About

My book, Municipal Dreams: the Rise and Fall of Council Housing, will be published by Verso in April 2018. 

Municipal Dreams celebrates the efforts and achievements of our early municipal reformers.

These men and women dreamed of a better world.  But this was a dream built in bricks and mortar; an idealism rooted in the practical power of the local state to transform lives and raise the condition of the people.

I believe that the legacy of our early municipal reformers is unjustly neglected and often unfairly maligned.  This is a modest attempt to record their story and set that record straight.

But I’m not naive.  There were failures and missteps as well as successes. Mistakes are made, real-world limitations intervene, times change – the road to a better future is never easy.  But at least that road was taken – however falteringly – and a better, fairer future striven for.

This isn’t a crudely party political blog but, at a time when the local state and directly provided public services  are under unprecedented attack, the lessons of the past seem relevant.  In other words, this is not an exercise in nostalgia but a reminder that it doesn’t have to be this way.

In practical terms, I aim to add a new entry every week or so.  These entries are not intended to be a record of only metropolitan politics: if there’s a London bias that reflects only my location and my access to archives.

I would welcome comments, suggestions and assistance in adding to this record of municipal dreams wherever they were dreamed and however they took shape.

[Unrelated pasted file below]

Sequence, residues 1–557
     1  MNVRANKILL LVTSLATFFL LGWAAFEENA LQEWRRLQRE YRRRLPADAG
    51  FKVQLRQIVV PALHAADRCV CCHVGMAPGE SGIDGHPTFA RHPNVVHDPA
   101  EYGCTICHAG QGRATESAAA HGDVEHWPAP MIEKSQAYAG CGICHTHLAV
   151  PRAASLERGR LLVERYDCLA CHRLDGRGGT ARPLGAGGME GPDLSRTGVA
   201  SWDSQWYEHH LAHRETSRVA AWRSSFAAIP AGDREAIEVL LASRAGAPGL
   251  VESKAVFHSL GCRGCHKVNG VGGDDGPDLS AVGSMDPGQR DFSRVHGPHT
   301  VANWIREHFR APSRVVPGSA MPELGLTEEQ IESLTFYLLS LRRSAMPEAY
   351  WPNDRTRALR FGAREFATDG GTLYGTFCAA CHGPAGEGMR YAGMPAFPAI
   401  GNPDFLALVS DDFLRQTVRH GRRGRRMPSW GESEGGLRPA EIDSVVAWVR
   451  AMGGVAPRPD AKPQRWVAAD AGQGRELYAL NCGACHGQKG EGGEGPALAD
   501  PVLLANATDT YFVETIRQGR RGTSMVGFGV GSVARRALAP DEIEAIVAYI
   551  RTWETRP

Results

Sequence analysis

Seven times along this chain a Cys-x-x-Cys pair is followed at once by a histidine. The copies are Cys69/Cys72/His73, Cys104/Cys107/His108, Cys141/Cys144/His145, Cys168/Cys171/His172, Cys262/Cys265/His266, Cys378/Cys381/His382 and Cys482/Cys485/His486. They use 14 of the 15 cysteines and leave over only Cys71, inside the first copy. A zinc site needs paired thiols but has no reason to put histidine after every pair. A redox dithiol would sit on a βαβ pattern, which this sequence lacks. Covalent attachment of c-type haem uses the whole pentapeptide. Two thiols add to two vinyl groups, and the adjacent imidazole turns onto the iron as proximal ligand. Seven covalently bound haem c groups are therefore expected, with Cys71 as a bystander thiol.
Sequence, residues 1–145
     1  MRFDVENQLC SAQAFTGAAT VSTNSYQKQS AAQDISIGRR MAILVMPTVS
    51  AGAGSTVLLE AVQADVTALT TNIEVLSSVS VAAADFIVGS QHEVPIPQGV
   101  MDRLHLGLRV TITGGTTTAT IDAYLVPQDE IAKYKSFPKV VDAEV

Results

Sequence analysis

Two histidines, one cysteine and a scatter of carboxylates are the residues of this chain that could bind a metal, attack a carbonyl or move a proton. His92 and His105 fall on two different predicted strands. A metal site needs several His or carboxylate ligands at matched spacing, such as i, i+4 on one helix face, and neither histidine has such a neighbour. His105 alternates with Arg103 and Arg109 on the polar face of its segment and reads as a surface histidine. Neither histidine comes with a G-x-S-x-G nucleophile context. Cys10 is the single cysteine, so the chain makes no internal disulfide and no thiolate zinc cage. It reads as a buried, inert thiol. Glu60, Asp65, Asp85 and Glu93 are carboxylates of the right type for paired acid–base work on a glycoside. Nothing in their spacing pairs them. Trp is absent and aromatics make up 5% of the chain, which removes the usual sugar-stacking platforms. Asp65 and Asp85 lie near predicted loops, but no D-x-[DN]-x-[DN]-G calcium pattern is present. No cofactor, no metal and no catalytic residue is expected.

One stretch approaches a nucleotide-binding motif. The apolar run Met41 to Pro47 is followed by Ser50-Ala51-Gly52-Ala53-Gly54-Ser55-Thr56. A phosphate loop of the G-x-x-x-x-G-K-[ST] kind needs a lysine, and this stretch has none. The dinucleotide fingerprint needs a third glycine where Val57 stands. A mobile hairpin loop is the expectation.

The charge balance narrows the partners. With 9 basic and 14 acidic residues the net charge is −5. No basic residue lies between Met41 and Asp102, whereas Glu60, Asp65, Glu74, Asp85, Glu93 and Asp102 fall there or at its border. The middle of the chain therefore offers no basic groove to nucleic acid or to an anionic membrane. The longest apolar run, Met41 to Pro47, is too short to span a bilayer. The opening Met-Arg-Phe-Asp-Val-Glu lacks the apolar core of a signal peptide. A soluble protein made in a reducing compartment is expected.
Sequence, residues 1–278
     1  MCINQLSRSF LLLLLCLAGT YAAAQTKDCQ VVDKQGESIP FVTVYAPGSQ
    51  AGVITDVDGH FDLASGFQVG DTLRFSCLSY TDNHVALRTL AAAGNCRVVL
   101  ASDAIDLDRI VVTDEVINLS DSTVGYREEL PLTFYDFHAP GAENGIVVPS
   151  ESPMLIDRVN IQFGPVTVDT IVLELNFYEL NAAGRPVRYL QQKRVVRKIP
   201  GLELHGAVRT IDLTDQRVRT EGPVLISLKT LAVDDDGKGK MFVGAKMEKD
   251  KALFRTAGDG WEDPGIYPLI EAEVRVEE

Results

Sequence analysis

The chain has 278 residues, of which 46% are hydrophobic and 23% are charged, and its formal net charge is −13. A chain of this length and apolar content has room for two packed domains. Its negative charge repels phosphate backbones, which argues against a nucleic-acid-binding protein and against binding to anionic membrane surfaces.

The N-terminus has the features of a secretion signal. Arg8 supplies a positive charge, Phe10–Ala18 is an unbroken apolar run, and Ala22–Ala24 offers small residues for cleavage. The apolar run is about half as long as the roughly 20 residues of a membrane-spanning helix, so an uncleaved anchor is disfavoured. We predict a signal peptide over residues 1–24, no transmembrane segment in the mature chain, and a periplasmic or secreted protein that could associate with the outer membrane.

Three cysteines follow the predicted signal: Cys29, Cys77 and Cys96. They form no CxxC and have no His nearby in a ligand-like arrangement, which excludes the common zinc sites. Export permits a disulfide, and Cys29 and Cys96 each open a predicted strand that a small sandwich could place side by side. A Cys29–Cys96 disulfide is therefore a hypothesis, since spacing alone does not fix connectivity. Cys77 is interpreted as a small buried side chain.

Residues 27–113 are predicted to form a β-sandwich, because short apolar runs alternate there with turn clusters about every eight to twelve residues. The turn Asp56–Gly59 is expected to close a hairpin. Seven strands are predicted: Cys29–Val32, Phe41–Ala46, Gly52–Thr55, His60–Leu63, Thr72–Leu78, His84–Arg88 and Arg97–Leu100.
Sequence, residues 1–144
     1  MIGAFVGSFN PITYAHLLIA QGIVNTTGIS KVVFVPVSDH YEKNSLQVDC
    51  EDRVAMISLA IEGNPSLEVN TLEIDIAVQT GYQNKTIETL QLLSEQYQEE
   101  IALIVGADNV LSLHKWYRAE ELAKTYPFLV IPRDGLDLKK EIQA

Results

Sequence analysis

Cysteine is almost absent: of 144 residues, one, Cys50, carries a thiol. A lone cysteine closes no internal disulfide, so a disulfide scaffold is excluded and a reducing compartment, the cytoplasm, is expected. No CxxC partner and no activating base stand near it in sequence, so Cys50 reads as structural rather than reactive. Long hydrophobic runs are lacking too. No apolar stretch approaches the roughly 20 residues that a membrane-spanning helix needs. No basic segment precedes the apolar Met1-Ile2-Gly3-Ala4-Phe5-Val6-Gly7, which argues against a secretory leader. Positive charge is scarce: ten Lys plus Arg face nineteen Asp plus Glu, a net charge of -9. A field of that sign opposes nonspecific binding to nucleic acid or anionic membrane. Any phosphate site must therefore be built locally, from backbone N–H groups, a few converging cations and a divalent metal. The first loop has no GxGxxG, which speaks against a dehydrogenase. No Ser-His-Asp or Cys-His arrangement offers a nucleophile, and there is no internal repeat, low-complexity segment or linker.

You’ll find a little more about my background and interests in this interview on the UnstablePraxis website.

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26 thoughts on “About”

  1. Great subject – just found you via Twitter (via @floratrype ). Look forward to following!

  2. Anonymous said:

    Curious who write the piece on Liverpool municipal housing before 1914 ? – cant see author’s name. Lovely read and great pictures . Thanks

    • All the research and writing – including the Liverpool piece – is done by me: the anonymous author! Glad you enjoyed my latest post. Thanks for your comments.

      • I have been following your work for sometime while writing articles on major housing estates on (en) Wikipedia. You occasionally mention that a photo is under a CC creative commons license- but don’t state which one. Is it CC-0 (totally free) CC-BY-SA 4.0 (free but attribution and respect needed) which is the one I use when I donate images to Wikipedia Commons. If it is a CC-NC (non-commercial) that is just not free enough for wiki. You are supposed however to leave a link to https://creativecommons.org/licenses/by-sa/3.0/ or similar when ever you claim an image to be CC. Under what license are you releasing your text- because it really needs a wider profile and could make a life easier for a lot of urban researchers.

        I am interested in opening a dialogue about cooperation between MD and WP. I am also willing to be contacted by any reader who wishes to start their Wikipedia career by documenting their local housing estates. See [https://en.wikipedia.org/wiki/User_talk:ClemRutter] or my email address

        As this thread is rather old I will double post this onto your Contact Me page.

  3. Karen Lee-Roberts said:

    Hi I would like permission to use photographs and some information from these pages in a Seminar I am preparing for my foundation degree in social policy, housing and health.
    Who should I seek permission from please?

  4. Amazing stuff! Well done you, such an important piece of history to evaluate. Happily reading every last bit.

  5. thanks for your piece on Manchester and Salford. I found it very interesting. I lived close to the City centre in the 50s and 60s.

  6. Millbank Estate is successful because some of its residents engage above and beyond what one could expect. There is a group of residents that really care and challenge the “it’s only social housing” standards that is still applied by many service providers when people do not stand up and set their own standards. And above all, it is not just about the buildings and estate, the whole neighbourhood needs to play its part for it to work. And that is what the Millbank TMO over the past 7 years achieved and for which it became award winning and a national Guide TMO.